When you read this, do not freak out. Do not think “Kevin is on the highway, this could happen to him.” Because this could happen to anyone. Our entire society is dictated by the automobile. More people die in auto accidents than most of our major fears – murder, terrorism, plane crashes. Automobiles are deadly yet we are numb to their destructiveness. If you want your loved ones safe, tell them to eat healhty, get exercise, and AVOID CARS. We MUST stop blaming people who walk and bike – they are making the safe choice, the healthy choice, the socially-beneficial choice yet we kill, maime, and then blame them everyday.
Also, since I know some of you will still worry note that I avoid major highways whenever possible, try to time my riding to avoid times of heavy traffic, and rarely ride after dark.
Just some of the Oregon driving carnage of the past two weeks.(Photos: Oregon State Police) This is an editorial. The Oregon State Police issued a relatively rare safety message to the media today. In light of three collisions in the past nine days that resulted in the death of someone trying to walk or roll…
via Oregon State Police blames vulnerable victims while driving deaths spin out of control — Front Page – BikePortland.org
A typical busy street scene on Sixth Avenue in New York City shows how pedestrians ruled the roadways before automobiles arrived, circa 1903. Via Shorpy by way of Collectors Weekly
Last week I wrote about my run in with an angry driver and how cyclists often discuss how they consistently are in danger of being hit, injured, or worse. I asked “How often do you go home at the end of the day and discuss how your life has been put in danger?” And I answered every day. My message was clear: Slow Down for Life. Presently, Vision Zero campaigns around the world are working to decrease traffic fatalities to an unbelievable number” zero. The video I shared shows how ridiculous people think that idea is. Yet there was a time when streets were ruled by people, not automobiles. Drivers were held responsible and it was assumed that people would be in the street so drivers and transit slowed to a pedantic pace. Last year Collectors Weekly published an article about just that. Murder Machines: Why Cars Will Kill 30,000 Americans This Year explores the history of traffic fatalities and looks at a time when the rules and assumptions of the road were very different:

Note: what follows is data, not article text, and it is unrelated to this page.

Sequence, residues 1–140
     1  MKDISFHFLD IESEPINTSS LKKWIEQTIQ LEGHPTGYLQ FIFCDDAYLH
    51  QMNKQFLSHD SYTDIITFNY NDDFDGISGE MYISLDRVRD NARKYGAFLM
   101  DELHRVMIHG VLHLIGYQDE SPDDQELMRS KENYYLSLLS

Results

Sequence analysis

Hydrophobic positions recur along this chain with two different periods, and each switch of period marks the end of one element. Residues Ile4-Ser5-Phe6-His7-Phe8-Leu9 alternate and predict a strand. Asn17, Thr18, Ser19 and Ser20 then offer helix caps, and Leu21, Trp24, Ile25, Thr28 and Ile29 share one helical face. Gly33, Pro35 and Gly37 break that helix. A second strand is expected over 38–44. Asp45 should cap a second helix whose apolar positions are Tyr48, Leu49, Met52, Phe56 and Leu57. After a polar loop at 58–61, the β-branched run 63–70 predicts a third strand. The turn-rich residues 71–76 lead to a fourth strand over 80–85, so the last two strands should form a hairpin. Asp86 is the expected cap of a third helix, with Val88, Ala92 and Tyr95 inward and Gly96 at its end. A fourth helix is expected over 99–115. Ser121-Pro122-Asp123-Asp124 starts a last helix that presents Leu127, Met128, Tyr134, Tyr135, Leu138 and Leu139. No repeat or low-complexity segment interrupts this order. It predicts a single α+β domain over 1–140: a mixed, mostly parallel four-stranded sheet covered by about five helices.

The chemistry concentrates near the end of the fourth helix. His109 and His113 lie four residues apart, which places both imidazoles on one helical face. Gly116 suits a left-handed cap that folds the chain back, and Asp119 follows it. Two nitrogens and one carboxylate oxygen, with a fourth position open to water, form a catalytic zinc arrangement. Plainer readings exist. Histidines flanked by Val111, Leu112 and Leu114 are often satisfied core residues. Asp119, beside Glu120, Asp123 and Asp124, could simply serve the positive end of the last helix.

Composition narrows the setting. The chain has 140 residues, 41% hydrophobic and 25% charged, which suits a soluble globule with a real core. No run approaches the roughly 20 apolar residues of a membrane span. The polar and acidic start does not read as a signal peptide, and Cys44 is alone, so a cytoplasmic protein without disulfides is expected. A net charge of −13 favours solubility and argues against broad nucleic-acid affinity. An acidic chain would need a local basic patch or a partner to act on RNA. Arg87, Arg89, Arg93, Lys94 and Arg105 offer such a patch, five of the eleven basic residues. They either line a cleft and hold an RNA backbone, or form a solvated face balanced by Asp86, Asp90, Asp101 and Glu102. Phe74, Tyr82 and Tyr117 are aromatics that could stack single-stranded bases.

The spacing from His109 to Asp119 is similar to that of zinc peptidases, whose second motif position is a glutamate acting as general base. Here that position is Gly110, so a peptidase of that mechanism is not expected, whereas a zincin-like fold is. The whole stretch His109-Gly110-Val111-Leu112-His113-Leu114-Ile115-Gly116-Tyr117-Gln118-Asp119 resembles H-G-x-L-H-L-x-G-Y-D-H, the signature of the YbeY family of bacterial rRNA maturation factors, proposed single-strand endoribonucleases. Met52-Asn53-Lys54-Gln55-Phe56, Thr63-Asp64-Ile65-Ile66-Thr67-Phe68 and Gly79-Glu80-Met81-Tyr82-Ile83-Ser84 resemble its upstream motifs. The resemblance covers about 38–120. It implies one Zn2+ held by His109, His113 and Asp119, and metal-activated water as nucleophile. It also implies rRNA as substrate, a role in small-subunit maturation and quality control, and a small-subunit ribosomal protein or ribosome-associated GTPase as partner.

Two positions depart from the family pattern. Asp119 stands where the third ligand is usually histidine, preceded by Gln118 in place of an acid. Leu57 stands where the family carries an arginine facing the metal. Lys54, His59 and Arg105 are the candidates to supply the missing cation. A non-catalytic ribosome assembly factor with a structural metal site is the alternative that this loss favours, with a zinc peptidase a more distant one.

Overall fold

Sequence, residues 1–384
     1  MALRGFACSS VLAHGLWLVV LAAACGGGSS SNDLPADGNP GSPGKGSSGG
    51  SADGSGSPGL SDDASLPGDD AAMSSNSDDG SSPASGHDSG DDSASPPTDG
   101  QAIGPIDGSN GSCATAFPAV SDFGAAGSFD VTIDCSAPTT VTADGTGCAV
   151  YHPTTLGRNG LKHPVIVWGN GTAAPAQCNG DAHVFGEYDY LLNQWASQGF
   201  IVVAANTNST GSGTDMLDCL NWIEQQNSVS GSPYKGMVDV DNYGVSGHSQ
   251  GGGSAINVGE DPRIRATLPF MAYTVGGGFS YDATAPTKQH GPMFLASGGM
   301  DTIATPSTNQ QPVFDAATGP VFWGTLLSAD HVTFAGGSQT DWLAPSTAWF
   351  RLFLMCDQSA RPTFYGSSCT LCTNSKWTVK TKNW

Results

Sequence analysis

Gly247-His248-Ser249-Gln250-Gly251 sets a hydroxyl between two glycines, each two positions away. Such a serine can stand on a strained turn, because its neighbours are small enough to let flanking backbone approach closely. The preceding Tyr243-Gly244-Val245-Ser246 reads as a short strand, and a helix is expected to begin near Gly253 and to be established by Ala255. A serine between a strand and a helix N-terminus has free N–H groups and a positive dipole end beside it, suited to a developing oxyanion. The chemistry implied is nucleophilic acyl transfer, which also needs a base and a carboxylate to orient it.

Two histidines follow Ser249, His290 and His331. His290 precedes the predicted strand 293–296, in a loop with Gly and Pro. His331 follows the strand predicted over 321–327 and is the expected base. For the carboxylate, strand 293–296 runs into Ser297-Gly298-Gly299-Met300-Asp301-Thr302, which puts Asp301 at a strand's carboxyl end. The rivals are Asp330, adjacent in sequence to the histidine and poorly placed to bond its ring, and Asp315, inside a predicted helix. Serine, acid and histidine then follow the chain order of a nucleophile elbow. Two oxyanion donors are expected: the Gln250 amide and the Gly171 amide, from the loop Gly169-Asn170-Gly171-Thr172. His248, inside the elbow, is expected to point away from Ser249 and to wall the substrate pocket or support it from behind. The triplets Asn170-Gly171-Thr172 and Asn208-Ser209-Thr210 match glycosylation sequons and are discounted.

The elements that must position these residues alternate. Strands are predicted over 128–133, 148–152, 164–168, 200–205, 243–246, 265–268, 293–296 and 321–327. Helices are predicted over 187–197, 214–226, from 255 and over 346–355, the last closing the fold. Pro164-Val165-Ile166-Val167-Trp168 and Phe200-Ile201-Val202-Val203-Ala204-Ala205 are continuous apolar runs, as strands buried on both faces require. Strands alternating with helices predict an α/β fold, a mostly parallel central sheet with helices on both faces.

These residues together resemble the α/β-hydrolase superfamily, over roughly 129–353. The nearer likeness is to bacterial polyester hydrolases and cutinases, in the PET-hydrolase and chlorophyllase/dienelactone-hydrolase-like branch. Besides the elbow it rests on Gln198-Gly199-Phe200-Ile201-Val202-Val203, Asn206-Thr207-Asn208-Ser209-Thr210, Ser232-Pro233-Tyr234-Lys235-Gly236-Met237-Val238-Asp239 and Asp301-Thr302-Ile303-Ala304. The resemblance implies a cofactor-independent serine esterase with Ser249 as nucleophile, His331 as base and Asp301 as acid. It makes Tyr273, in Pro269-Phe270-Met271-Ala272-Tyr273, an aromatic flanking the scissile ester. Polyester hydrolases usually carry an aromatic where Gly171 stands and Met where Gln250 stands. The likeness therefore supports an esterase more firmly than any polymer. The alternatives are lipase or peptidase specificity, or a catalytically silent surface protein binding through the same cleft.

In 2012, automobile collisions killed more than 34,000 Americans, but unlike our response to foreign wars, the AIDS crisis, or terrorist attacks—all of which inflict fewer fatalities than cars—there’s no widespread public protest or giant memorial to the dead. We fret about drugs and gun safety, but don’t teach children to treat cars as the loaded weapons they are.
“The people who really get it today, in 2014, know that the battle isn’t to change rules or put in signs or paint things on the pavement,” Norton continues. “The real battle is for people’s minds, and this mental model of what a street is for. There’s a wonderful slogan used by some bicyclists that says, ‘We are traffic.’ It reveals the fact that at some point, we decided that somebody on a bike or on foot is not traffic, but an obstruction to traffic. And if you look around, you’ll see a hundred other ways in which that message gets across. That’s the main obstacle for people who imagine alternatives—and it’s very much something in the mind.”
Note: there is a video at the end of the article that is somehow both hilarious and terrifying. Be sure to check it out.